Eyes widening in excessive patience the boy shook his head harder, "Nay, the Vernons took against the Lord of the Manor, Lord Melhuish. There were a big to-do about harbour rights. His Lordship lost the case, but even so the Vernons were none too pleased that Pa gave evidence for his Lordship." He pointed towards the scaffolding at the far end of the street. "They bought that cottage an' another further round - that big white-lime 'ouse with the red front door, d'ye remember walkin' past it? That be theirs." He tutted, as if he were a wearied old grandfather; "Folk hereabout are even calling the lane Vernon Lane now. Bain't no right to."
He stopped chattering suddenly and grinned. "At least you'm got colour in your cheeks now Ma'am. I'd best be goin', Ma'll whip m'backside if I don't get home with these fish." He ran a few paces, skidded to a halt and turned. Tiola was lifting the latch of the inn door, he called out. "D'ye think Cap'n Acorne would take me aboard his ship? She'm the finest I've ever seen." "I expect he will," Tiola called. "I will make a point of asking him."
The boy nodded, ran a few more paces then stopped again and shouted to Tiola as she stepped over the threshold; "Ma'am? Mistress Acorne? How did you know my name Ma'am?"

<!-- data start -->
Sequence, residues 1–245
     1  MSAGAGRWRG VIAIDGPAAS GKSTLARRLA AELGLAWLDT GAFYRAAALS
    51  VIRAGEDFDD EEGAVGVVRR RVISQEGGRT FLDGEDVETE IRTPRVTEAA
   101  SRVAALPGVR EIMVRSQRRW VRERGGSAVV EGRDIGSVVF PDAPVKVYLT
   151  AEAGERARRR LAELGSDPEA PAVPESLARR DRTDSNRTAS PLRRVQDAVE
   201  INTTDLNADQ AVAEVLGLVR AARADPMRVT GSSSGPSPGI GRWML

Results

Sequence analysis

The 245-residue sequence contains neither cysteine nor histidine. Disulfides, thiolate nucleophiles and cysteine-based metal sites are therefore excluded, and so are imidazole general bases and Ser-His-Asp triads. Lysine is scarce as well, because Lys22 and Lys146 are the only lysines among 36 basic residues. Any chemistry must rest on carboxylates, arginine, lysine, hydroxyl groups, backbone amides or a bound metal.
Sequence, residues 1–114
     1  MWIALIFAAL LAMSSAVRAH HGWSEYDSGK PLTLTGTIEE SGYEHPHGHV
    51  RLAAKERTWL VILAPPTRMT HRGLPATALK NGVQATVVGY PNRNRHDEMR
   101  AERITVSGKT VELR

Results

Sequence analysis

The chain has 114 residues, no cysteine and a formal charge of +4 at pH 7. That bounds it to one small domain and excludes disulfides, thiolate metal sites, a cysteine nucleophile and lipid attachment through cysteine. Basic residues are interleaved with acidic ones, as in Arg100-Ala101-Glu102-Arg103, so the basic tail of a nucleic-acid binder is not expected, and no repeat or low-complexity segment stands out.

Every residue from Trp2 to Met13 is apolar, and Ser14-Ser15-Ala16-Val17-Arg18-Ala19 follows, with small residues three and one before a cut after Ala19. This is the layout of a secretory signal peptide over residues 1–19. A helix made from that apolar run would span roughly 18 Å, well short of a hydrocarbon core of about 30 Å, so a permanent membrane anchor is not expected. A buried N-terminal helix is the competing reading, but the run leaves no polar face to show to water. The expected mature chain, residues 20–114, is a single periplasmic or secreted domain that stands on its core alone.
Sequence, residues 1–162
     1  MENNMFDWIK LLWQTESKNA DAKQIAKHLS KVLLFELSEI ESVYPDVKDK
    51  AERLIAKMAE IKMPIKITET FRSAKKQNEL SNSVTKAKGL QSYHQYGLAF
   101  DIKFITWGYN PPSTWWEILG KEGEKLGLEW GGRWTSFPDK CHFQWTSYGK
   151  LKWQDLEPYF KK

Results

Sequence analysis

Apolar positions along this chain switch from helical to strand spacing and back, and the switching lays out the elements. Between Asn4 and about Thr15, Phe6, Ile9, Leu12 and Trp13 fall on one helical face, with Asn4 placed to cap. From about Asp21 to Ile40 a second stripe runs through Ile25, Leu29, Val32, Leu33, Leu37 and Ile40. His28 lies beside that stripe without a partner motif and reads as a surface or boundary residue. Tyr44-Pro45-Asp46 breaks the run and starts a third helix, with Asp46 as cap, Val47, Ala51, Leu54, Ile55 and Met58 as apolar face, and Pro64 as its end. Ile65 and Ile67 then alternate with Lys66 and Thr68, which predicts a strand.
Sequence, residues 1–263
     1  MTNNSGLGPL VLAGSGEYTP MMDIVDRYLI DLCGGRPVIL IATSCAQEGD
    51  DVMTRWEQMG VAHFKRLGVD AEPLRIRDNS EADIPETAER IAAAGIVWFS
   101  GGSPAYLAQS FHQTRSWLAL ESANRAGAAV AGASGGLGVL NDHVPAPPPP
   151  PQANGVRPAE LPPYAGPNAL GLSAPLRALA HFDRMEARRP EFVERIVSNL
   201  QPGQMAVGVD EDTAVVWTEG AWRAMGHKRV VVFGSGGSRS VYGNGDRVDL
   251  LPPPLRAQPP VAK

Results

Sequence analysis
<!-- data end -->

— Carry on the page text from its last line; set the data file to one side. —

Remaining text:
Tiola pretended she had not heard. She had masked the trembling well, the unease swirling inside her, but as they had walked - as the boy's chatter had anchored her senses firmly back into the present, the rise of uncontrolled panic had eased.
How had she known his name was Thomas Benson? He was too young to have come from her past, and she, for all her gifts of Craft, could not scry into the future. But something had nudged time, something had caused a ripple to run through the natural, proper order of things. Thomas Benson was a mere boy of twelve years old, yet when first he had spoken to her Tiola had seen him as a man in his forties. A man fleeing the excisemen for crimes of smuggling, and a man fleeing his conscience for being the cause of a sea captain meeting his death on the gallows. But what sea captain? She had clearly, so very clearly, also seen the boy standing beside Jesamiah.
Was this her distorted fancy or events of the future? Events she should have no part of? Something inside her, some corruption of her Craft was swirling out of control, like a rudderless boat caught in an eddy of the tide. There was now only one course of action: she would have to stop this dizzying whirl of disorientation and harness these scattered ripples that were upsetting the flow of Time back into some sort of sensible order.